The sequestration (mandatory spending cuts) brought on by a budget impasse in Washington, D.C., has several potential impacts for faculty, staff and students at Miami, all of which hinge on when a federal budget will be passed.
The potential impacts affect the areas of interest paid on construction project bonds, student loans and work-study, and scientific research grants.
1. Bond interest. Miami issued $105 million in Build America Bonds in 2010, which offer a 35 percent interest subsidy from the federal government. Miami receives the interest payments twice per year, and already had received the first payment before March 1. Only if the budget is not resolved by late August might we lose 8.7 percent of the interest subsidy for the second half of the year. Estimated reduction: about $90,000 this year.
2. Student grants, loans and work study.
- Pell Grants are not impacted for the current school year, nor for the 2013-2014 year. Anything beyond 2013-2014 will likely be impacted.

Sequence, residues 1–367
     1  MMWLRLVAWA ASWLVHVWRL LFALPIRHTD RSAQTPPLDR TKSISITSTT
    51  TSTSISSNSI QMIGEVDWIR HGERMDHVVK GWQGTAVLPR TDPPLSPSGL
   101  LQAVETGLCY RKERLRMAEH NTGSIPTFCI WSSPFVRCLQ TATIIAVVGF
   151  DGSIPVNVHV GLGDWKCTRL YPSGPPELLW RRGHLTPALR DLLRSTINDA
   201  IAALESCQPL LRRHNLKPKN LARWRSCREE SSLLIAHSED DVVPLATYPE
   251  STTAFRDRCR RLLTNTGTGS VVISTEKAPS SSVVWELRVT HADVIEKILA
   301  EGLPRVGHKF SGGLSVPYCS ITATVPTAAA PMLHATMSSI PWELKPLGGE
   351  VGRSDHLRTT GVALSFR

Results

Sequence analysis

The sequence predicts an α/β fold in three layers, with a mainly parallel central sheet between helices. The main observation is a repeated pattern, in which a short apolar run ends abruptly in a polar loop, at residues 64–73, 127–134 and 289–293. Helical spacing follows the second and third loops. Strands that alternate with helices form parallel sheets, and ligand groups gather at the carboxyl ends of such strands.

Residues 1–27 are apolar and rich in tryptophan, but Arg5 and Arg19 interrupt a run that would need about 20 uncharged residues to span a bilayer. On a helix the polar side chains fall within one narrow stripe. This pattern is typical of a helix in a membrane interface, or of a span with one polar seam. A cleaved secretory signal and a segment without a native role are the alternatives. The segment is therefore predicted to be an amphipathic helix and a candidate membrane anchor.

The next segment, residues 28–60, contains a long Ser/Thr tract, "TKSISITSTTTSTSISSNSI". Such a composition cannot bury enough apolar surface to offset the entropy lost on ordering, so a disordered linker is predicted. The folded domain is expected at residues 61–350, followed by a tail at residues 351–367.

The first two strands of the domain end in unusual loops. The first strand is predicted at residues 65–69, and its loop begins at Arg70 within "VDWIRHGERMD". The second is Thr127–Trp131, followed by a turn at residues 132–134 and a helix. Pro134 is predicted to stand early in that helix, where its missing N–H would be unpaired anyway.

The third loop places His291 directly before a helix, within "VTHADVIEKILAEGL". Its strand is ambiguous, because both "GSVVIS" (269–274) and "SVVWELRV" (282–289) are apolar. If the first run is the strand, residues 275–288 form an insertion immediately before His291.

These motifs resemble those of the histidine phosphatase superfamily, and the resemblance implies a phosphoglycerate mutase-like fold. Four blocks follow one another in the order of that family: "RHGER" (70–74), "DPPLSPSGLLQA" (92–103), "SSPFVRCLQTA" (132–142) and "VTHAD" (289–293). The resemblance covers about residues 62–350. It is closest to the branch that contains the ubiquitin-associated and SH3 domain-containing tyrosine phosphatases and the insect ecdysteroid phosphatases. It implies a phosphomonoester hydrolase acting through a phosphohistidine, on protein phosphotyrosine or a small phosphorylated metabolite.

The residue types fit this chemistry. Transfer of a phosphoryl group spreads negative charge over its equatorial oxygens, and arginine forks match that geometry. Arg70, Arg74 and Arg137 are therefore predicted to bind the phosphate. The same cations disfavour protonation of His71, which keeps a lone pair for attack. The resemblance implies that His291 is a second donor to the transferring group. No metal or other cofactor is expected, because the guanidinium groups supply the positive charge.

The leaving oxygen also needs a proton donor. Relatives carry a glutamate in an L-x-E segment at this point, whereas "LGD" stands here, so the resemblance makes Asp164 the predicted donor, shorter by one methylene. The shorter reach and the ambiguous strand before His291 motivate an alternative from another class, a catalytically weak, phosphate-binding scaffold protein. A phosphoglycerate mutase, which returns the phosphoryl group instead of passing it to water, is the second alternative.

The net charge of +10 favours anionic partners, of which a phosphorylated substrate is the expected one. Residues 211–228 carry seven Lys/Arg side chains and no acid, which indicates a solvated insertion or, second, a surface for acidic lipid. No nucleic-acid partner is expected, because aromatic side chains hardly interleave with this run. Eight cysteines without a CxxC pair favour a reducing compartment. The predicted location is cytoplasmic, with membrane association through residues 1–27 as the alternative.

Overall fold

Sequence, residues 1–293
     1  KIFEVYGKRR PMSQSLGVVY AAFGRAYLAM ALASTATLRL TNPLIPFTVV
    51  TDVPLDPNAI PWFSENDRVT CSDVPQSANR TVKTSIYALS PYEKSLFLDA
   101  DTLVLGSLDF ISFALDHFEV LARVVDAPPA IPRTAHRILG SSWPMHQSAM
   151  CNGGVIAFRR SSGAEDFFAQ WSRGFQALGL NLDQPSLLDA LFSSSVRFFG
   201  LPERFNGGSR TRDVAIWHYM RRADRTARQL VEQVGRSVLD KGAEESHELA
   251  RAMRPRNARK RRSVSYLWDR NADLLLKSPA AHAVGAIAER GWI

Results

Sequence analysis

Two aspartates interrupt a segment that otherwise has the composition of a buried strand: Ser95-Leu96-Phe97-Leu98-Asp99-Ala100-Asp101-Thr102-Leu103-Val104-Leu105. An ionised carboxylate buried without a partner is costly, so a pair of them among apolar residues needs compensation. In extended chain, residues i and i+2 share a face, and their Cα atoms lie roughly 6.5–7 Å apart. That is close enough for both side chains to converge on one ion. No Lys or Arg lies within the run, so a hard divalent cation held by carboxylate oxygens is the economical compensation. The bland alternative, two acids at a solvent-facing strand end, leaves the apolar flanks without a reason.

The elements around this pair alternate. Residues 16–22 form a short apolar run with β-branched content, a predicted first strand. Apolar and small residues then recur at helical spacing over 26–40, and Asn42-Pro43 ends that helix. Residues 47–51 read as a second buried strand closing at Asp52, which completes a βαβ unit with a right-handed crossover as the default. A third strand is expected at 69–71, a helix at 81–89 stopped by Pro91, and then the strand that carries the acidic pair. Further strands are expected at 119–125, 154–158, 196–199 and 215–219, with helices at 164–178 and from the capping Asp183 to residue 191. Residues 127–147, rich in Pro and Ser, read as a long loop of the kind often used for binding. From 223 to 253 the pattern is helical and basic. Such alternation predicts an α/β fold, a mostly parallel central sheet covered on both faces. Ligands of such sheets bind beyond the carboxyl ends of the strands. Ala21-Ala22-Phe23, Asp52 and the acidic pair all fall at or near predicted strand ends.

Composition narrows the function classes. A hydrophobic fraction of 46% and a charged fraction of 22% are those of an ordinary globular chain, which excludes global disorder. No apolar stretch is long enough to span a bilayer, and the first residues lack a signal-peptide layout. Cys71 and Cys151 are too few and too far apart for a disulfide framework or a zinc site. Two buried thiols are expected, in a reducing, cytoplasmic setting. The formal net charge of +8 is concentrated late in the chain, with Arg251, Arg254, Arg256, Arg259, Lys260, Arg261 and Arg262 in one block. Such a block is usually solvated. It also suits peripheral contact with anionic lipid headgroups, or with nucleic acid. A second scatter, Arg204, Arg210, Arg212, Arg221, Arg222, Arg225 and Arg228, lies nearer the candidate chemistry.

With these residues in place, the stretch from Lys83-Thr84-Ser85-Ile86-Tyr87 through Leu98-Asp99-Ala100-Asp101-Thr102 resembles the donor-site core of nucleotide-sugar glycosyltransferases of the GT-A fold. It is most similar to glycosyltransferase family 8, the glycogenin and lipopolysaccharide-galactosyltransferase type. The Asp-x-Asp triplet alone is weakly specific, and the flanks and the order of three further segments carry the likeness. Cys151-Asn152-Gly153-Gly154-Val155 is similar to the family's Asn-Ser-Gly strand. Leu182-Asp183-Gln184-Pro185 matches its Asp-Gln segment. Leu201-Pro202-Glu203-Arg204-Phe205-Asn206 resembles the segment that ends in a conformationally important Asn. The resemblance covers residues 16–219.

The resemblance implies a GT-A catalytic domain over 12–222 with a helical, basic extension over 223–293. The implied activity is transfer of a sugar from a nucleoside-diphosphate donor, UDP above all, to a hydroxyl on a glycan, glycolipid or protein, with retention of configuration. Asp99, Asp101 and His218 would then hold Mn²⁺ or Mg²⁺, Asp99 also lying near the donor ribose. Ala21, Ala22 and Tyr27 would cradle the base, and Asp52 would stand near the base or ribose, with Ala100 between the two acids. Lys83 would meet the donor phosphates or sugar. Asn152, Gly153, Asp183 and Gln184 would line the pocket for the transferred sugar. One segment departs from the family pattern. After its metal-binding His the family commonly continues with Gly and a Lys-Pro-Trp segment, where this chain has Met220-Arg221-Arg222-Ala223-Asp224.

- There are no cuts to the Supplemental Education Opportunity Grant (SEOG) and the College Work-Study Program (CWSP) for 2012-2013. In the next fiscal year, nationwide, about $86 million will be cut from these programs. Following are estimates of the impact on Miami for its allocation.
o SEOG: It’s estimated Miami will lose just over $24,000 off of our allocation; the effect is that 42 fewer students may receive SEOG for 2013-2014.
o CWSP: It’s estimated Miami will lose just under $30,000 of our CWSP allocation. That may translate to 15 fewer students receiving CWSP.
- Loan origination costs for subsidized and unsubsidized loans (student-borrowed) will increase by .05 percent to approximately 1.05 percent. The average increase in cost for origination fees will be about $2.50.
- PLUS loans (parents borrow for educational costs for their students) will increase from 4% to 4.20 percent, and it is estimated that this will cost the typical PLUS borrower about $51 in additional origination fees.
- New grants made on or after March 1 in the Federal TEACH grant program will face a reduction. The Department of Education has asked schools to temporarily suspend making new awards in this program until it can assess the impact on the cuts.
3. Research funding. Miami receives most of its external research funding from the National Science Foundation (NSF) and National Institutes of Health (NIH), both of which are set to receive large cuts in federal appropriations under the sequestration. The NSF does not plan to reduce any current grants, and the NIH has announced budget cuts do not affect grant or cooperative agreement awards made with fiscal year 2012 resources. Reductions are anticipated in 2013-2014 funding.